Robertson's welcome emphasis on Chaucer's imagery of sight brings up my greatest concern with this book: the lack of any analysis of the visual culture of gender and difference. The absence of any treatment or questions of visual culture points to a methodological quandary: how can gender and difference in the Middle Ages be so entirely localized in texts? All of the essays use medieval texts as the primary evidence for their claims; not once is an element of visual culture (whether a work of art, an urban structure, an iconographic tradition, or even a set of literary images) presented as primary evidence for an argument concerning gender and difference. And yet, the human experience in the Middle Ages was much more often negotiated through images than through texts--issues of literacy alone make this claim, but so do those of access to texts, and the contrasting availability of images in both ecclesiastical and urban settings. The vibrant work of the late Michael Camille and that of Diane Wolfthal, Linda Seidel, Madeline Caviness, Joan Holladay, Kathleen Nolan, Jeffrey Hamburger, Adam Cohen and Anne Derbes, Kristina Gourlay, and Susan L. Smith, to name a few, indicate that medieval visual culture is a rich area of study for the medieval experience of gender. Certainly images have to be contextualized and analyzed in a manner different from text (their material nature call for different interpretive models), but this reader maintains that the present anthology would have been much enriched by explorations in visual culture.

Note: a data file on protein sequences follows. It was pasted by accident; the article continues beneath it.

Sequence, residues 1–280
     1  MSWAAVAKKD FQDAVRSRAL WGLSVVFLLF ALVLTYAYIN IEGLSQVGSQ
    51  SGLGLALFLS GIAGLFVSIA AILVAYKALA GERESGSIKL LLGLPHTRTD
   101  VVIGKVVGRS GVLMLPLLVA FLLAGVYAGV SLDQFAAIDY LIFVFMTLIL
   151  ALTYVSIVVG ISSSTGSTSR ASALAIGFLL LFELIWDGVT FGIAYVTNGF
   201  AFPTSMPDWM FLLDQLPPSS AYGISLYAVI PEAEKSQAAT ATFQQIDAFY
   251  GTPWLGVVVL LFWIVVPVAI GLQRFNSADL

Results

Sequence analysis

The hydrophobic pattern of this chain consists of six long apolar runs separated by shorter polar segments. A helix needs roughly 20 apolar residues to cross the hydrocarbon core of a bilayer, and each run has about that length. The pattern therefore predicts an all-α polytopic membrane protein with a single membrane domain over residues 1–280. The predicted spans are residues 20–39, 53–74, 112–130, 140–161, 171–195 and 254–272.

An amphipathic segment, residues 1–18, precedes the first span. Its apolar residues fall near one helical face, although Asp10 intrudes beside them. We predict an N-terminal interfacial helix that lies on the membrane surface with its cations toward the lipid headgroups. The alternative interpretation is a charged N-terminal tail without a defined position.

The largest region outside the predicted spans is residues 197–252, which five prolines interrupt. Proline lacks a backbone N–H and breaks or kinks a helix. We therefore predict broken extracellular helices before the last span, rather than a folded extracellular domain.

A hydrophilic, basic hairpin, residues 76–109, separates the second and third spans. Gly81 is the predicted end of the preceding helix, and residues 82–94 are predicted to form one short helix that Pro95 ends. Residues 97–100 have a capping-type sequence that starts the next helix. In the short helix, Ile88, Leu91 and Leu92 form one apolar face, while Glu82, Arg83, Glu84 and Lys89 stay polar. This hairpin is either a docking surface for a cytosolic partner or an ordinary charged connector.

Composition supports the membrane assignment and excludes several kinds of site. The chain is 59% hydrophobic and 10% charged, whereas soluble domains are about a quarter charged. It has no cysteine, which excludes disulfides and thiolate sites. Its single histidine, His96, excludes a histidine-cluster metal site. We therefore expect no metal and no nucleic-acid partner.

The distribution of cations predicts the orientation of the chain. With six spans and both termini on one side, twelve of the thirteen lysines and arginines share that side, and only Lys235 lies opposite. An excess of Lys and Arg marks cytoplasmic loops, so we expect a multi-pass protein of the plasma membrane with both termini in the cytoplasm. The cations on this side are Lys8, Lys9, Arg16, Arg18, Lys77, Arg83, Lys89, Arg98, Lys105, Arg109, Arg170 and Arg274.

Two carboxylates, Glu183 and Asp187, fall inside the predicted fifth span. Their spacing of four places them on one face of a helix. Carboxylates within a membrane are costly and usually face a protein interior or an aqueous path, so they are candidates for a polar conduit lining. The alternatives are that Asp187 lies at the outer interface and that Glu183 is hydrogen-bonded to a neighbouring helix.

None of the critiques that I have laid out above limit the fundamental interest of this book; they are rather conversations that are left unfinished by the authors and are stimulus for any reader to ask more questions of these complicated scenarios of the human experience. Gender and Difference in the Middle Ages has several excellent uses: it can serve very well as an introduction to issues of gender in medieval culture because the argumentation is very historiographic and the footnotes are so copious (the essays by Wiethaus, Pasternak, Farmer, and Newman all form excellent introductions to their complex issues); it can also serve as a productive teaching text due to the excellent and thorough introductory essay by the editors and the mostly very clear argumentation of the authors (the essays by Boyarin, Kuefler and Uebel are perhaps too deeply indebted to theory for most students); and finally it is a very useful text for readers already invested in gender issues who wish to deepen their own methodology of analysis (Karras and Robertson perform this task eloquently) or learn something heretofore relatively unexplored (such as the essays by Rowson and Ringrose). Whatever the reader's approach, Gender and Difference in the Middle Ages is worth the read and the lively discussions afterwards.

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Anne F. Harris

DePauw University